I’ll start with a confession: a reflection on my own cluelessness and impatience.
In 2020, I had a foreign pitcher on my baseball team, Mike Wright. He was a “hustler” who danced to the cheers and kept his teammates’ spirits up in the dugout. But when he was on the mound and couldn’t get a pitch out, his emotions got the better of him. The nape of his neck would get raw, he’d put his glove to his mouth and scream, he’d circle the mound to cool off, and he’d draw smiley faces next to the pitcher’s mound. Sometimes people would say, “He’s about to fall apart.” Some would say, “He’s doing it because he doesn’t respect Korean baseball.” I was frustrated.
I was frustrated too. When he got in, I confronted him and said, “That makes you look weak, it belittles you.” He was confused and said, “I have days when I want to throw like nothing happened, but I can’t. I was taught by a counselor in the U.S. to let off steam, to change the mood for a while, even if it’s just for a short time, so how do I do that?” I remember his voice trembling.
He was using his own method of emotional control. It wasn’t always successful, but with the help of a counselor, a mental coach, he was aware of his condition. He was trying, but I had asked to meet with him to see if I could help, and I had just judged him: ‘You look weak.’ I was embarrassed by my rashness, and I felt sorry for the athlete. At the time, I thought it was a difference with Western culture: unlike us, where we emphasize normalcy, they thought emotions were expressed right away. Over time, I learned that there are many ways to feel, acknowledge, and regulate emotions. I also realize that I was more used to, and trained to, suppress and repress negative emotions.
I thought of Wright while watching Novak Djokovic, 36, who recently won the men’s singles title at the US Open. With his win, Djokovic became the first player in professional tennis history to win more major singles titles (24). With rivals like Federer and Nadal retiring from the game, Djokovic is still going strong, like “the longest-lasting battery.” If you watch his tennis, he frequently loses his temper and smashes his racket. For a man with such a short fuse, he is considered one of the most mentally tough players in the game.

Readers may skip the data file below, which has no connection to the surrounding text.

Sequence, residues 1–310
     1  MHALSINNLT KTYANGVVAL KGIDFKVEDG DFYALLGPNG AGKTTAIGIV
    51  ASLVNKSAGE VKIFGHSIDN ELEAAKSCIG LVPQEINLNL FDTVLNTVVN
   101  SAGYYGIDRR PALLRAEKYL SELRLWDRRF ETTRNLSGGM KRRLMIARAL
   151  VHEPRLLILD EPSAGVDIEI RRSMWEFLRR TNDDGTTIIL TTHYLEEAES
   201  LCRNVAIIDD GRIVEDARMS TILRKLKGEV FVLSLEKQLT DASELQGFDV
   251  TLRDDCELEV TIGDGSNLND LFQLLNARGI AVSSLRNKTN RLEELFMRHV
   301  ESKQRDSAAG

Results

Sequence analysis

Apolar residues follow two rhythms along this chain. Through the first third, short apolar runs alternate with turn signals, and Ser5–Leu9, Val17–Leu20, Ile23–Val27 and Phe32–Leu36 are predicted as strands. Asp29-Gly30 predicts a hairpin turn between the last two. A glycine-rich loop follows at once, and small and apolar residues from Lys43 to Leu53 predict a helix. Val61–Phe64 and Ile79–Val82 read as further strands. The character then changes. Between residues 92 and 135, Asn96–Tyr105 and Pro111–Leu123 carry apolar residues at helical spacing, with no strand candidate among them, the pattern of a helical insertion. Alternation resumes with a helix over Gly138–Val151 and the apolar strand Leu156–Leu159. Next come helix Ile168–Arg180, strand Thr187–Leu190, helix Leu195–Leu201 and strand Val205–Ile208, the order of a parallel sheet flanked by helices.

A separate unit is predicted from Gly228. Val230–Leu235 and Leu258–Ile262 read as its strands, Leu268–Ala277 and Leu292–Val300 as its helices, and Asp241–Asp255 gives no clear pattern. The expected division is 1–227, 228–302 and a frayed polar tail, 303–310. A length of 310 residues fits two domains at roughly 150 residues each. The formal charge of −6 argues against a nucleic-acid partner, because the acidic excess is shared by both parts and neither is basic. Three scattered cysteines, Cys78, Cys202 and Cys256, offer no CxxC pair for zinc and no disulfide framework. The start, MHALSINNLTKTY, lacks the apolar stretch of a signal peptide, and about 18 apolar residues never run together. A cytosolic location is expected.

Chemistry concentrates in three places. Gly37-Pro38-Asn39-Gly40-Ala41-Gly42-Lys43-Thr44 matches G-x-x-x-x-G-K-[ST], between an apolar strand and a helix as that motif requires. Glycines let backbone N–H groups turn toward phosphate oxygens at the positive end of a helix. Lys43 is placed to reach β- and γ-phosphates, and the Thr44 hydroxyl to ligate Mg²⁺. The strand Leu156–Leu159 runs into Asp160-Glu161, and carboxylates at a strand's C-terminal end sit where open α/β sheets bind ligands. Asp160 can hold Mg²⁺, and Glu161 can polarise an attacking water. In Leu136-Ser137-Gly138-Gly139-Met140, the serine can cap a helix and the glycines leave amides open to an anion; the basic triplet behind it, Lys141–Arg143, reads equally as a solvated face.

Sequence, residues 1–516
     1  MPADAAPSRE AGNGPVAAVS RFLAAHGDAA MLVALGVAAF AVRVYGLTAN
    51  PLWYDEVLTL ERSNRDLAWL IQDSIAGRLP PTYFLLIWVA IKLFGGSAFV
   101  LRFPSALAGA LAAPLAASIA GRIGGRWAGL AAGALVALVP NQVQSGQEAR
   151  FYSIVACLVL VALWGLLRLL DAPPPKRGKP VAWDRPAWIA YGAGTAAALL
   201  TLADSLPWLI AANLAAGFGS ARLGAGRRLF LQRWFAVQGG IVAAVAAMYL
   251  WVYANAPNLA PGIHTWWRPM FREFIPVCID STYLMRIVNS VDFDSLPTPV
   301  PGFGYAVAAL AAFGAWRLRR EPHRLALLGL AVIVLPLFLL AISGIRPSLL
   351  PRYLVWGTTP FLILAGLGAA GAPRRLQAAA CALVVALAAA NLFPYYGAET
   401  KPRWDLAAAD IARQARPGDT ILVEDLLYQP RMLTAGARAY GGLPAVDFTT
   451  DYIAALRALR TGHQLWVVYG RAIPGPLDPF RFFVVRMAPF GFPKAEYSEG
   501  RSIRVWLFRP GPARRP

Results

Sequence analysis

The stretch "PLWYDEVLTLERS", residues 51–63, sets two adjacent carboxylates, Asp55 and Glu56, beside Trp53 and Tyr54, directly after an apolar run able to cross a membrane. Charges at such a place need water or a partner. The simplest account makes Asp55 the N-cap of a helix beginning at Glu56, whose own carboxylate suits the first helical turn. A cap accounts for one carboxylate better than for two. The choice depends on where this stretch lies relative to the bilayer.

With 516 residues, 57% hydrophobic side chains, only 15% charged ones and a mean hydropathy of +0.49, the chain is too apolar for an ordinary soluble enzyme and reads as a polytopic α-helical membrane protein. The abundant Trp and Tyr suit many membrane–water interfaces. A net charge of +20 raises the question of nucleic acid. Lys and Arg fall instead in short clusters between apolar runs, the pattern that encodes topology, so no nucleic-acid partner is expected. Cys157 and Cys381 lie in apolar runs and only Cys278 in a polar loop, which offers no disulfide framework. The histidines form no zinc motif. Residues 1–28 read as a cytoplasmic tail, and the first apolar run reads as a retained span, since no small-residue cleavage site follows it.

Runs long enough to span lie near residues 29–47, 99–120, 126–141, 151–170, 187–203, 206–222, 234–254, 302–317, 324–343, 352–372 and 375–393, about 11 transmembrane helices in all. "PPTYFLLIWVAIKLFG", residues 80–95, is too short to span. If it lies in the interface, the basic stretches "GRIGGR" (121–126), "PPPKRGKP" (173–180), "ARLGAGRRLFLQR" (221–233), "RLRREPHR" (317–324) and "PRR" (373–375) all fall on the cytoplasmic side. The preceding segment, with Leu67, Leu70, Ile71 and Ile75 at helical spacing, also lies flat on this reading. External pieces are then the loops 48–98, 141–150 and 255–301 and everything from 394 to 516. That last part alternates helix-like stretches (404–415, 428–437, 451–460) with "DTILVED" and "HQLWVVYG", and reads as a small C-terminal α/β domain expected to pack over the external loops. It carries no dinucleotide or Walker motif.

We say a lot that “excitement ruins games (presentations, reports, conversations, relationships…)”. There’s nothing wrong with that, but the human mind isn’t always a calm lake. I tend to get upset and nervous a lot. I don’t know about you. It’s natural to get excited, because that’s who you are. It’s how you take it that allows you to move on and do what you need to do.
Meditation has been a big part of Djokovic’s success in shedding the maniacal label, and mindfulness often comes up in his interviews. According to meditation expert Bumjin Kim, CEO of NowCoaching, “Mindfulness meditation is different from focusing on a single topic or concept. It starts with deeply observing the many phenomena of change, thoughts and emotions coming and going,” he explains. Understanding and letting go of what changes are happening within you through observation is the key to mindfulness. “It’s not about attaching yourself to the mind, it’s about de-identifying with it,” Kim explains. It’s not “I=what=emotion.” I am something bigger. 온라인카지노
One way to do this is to create your own rituals. Whether it’s yelling or writing something down, it’s a way to release pressure from your body. Djokovic has been known to take time out during a match to go to the bathroom, and he does this by looking in the mirror. It’s actually one of his 10 routines featured on the BBC.
Another way is to name certain emotions. It allows you to separate yourself from the emotion. With observation and training, you’ll recognize them when they start to smoke, rather than after they’ve set your mind on fire. Of course, some rituals are harder to do in teams and organizations. They require understanding and consideration from those around you. I need to reach out to Wright and tell him I’m sorry about that.